Keeping the happy in happily ever after: Advice from a marriage therapist

July 27, 2011|By Lisa Kawata

According to a recent report by The National Marriage Project at Rutgers University, young couples today could use a little education. Most couples get married because of romantic love, but is that what sustains a marriage over the years? Rutgers scholars believe that a successful marriage depends on how well one gets along, intimately and over the long term, with one’s spouse. That requires relationship knowledge, which is not something we’re taught in formal education, says the report. So Howard Magazine asked marriage and family therapist Risa Davis-Ganel for some advice on just how to keep the happy in happily ever after.

“Marriage is an evolving relationship,” says Davis-Ganel. “It’s not one conversation but an ongoing one.”

She has observed in the last few years that many young couples act like teenagers; they can’t imagine they would face struggles. But they will.

“A thriving marriage is one that learns to manage change successfully,” she says.


Communication is the No. 1 issue with which couples struggle, says Davis-Ganel. Conflicts in this area can be rooted in trust issues, resentments or difficulty in decision making, but often it just boils down to how couples argue. There’s a difference between complaining and criticizing. If disagreements are ugly, couples might need to ask a few questions: Am I being sarcastic? Do I accuse or call names? Do I express contempt by eye-rolling or sneering? Am I defensive when my spouse brings up a problem? Why? Progress can’t be made until these things change.


Technology is an increasing source of tension in marriages. Because technology allows for increased communication, it opens a Pandora’s box for couples, says Davis-Ganel. Singles might not realize how much time they spend on cell phones, smartphones, social media, playing Internet games or just surfing the web. Engaged couples should examine how they use technology and how that might need to change when they are married. When we’re home together, how much time will we spend online? What are the boundaries for online relationships? What constitutes privacy? Secrecy? Will phones go in another room during dinner or while having a discussion?

Personal space

There’s an expectation that couples do everything together. The sense of personal space has shrunk. A typical complaint by couples is that they’ve lost passion and live more like roommates. In order for there to be fire, there needs to be air, says Davis-Ganel. Agree on activities that can be done apart, and how often. Once agreed on, make participating in them a priority. Outside activities contribute to remaining an intriguing person. It’s not so much about how much time you can spend apart but how you are nurturing each other’s passions and interests. Fire.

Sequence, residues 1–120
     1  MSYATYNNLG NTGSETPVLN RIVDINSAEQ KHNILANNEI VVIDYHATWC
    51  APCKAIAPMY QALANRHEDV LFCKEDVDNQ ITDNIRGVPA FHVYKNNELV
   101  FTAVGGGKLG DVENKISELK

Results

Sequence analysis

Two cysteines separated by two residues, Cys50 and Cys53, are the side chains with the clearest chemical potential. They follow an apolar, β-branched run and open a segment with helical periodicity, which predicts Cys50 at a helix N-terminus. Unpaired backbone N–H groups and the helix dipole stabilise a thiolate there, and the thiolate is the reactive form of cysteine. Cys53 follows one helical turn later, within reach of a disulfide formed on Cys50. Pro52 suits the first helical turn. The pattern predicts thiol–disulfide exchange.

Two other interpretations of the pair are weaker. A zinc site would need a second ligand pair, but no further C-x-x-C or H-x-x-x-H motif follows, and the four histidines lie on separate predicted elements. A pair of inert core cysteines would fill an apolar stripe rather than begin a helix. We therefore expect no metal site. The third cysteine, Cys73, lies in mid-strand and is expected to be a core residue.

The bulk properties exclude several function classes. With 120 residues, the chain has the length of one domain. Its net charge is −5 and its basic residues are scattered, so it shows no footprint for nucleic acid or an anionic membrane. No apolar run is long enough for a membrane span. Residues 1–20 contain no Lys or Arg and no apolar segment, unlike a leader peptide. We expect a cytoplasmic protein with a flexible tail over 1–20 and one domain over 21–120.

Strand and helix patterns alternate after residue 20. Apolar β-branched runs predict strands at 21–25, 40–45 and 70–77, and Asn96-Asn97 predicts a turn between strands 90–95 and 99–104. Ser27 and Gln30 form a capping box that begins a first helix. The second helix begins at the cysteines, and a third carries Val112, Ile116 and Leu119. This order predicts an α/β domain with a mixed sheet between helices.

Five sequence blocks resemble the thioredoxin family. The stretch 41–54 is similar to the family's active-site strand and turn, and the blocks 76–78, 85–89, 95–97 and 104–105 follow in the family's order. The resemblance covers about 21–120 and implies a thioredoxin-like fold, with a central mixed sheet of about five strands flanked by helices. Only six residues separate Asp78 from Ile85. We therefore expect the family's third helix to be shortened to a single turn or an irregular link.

Religion and holidays

Before marriage, couples need to discuss the place of religion and holiday celebrations in their lives. Questions to ask: To what degree do we practice? What are your family’s traditions? What are their expectations about holidays, and who would be angry if we didn’t meet those expectations? Will these things change after we have kids? How will we come to agreements and still satisfy individual spiritual needs?


After communication difficulties, money is the next most common reason people cite as a cause for divorce. It’s critical to express views about money and settle expectations early on. Ask: Are we going to combine our funds? What expenses will be covered by what funds? What about personal spending such as sporting events or that affinity for designer handbags? Agreeing on having personal funds is one way to address that. Spending on children’s education is another issue. Will they go to public school or private school? Will we pay for their college?


Some questions might be: What are our beliefs about who initiates sex? How frequently do we have sex? Where or when? What constitutes an affair? Could it be inappropriate texting, Internet pornography?


Obviously, couples need to discuss whether to have children. It might help to think about times spent around children. What was that like? If we face infertility, how will we manage that? Am I open to adoption? And the big question: When kids arrive, will both parents work or will one stay home?

Risa Davis-Ganel is a licensed therapist practicing in Columbia. She has been a presenter at the Turf Valley Bridal Extravaganza for the past four years. Her website is

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